Seasonal flu comes from east and south-east Asia before spreading across the rest of the world, scientists have discovered.
The finding is important as by knowing where to focus surveillance efforts researchers may be able to extend their forecast of the flu strains most likely to cause epidemics.
This could in turn help experts decide which strains should go in the flu vaccine each year.
Researchers made the discovery after studying 13,000 samples of influenza A (H3N2) virus that were collected across six continents from 2002 to 2007.
This flu subtype is currently the major cause of flu-related illness and death.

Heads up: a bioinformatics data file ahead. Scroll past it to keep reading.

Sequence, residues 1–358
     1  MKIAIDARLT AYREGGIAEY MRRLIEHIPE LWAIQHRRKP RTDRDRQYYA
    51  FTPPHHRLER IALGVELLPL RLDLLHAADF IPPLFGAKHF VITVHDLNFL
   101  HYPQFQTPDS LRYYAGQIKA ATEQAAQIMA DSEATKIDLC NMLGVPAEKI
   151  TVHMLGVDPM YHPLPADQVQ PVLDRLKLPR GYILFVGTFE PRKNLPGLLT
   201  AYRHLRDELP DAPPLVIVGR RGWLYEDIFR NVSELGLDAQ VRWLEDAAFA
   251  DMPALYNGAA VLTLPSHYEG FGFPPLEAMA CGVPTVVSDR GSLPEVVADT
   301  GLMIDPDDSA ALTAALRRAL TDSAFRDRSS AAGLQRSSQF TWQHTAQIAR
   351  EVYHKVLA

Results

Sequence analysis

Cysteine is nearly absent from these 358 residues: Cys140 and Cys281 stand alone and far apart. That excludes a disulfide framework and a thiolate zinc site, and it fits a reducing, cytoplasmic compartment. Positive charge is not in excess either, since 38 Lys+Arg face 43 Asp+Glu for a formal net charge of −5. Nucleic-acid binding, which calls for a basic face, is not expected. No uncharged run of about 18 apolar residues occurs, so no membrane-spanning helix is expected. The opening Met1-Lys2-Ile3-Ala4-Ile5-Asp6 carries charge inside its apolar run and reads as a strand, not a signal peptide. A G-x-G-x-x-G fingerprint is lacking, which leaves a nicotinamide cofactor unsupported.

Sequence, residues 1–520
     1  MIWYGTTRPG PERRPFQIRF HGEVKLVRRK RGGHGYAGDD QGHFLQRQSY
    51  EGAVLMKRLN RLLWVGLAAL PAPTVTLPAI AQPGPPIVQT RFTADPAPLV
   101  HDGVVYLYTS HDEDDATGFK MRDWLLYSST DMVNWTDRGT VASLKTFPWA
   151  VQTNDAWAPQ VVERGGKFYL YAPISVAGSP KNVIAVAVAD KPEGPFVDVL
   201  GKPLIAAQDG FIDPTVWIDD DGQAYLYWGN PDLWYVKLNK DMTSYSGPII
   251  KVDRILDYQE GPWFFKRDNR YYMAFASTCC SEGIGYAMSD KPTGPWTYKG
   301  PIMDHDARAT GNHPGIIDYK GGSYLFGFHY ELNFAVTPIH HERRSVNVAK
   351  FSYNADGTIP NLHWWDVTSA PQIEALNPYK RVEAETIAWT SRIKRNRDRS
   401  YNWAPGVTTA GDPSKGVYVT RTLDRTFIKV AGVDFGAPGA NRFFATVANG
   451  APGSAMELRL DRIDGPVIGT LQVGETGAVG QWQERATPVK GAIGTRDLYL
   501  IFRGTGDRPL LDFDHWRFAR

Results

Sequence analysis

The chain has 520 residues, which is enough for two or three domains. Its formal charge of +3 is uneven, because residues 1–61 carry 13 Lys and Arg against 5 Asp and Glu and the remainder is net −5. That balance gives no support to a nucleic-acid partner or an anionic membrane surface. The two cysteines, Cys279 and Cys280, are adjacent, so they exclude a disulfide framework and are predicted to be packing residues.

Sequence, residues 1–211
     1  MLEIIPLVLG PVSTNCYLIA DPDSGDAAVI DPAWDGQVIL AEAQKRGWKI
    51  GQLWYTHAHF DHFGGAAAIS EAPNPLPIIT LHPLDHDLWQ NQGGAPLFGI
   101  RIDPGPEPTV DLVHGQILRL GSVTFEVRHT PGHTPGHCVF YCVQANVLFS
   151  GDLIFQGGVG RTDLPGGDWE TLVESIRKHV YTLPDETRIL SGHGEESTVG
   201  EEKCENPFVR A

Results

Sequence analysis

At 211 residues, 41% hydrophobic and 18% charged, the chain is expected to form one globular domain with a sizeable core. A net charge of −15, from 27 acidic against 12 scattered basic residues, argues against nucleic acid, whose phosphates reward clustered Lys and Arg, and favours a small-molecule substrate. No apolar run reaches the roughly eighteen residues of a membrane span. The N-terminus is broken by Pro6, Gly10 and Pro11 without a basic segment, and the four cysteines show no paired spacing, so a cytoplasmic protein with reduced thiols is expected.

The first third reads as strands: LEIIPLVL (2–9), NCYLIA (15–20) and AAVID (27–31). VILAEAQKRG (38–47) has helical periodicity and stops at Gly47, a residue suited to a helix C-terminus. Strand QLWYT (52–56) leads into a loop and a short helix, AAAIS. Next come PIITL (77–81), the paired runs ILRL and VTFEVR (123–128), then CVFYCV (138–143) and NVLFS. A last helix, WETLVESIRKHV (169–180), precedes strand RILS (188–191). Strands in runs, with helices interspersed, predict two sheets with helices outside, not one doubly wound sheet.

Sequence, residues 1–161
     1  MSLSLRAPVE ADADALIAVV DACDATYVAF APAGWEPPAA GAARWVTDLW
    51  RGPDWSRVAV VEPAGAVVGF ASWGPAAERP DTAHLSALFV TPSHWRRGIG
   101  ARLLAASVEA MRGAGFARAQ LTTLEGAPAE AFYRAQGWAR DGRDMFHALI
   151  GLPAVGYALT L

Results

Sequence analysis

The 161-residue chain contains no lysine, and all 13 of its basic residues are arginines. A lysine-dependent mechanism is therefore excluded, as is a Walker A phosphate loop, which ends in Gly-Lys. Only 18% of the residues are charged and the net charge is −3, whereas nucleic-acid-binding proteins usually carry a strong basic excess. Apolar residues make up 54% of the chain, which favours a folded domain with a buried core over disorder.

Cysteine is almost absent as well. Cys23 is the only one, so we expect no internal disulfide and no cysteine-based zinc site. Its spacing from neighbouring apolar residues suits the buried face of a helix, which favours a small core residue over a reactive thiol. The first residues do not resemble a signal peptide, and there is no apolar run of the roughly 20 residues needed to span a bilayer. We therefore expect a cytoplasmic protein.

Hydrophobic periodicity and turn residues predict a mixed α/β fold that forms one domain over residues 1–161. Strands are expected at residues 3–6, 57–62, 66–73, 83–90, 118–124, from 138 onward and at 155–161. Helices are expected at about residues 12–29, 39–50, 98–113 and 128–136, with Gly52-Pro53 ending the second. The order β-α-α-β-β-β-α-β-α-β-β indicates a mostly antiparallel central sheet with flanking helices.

Their analyses, described in the journal Science, revealed that strains emerge in east and south-east Asia; about six to nine months later they reach Europe and North America; and several months later still the strains arrive in South America.
"The ultimate goal of our collaboration is to increase our ability to predict the evolution of influenza viruses," said Derek Smith of the University of Cambridge, who is the corresponding author of the study.
"This study is one step along that path and in particular highlights the importance of ongoing collaborations and surveillance in east and south-east Asia, and of expanding these collaborations in the future."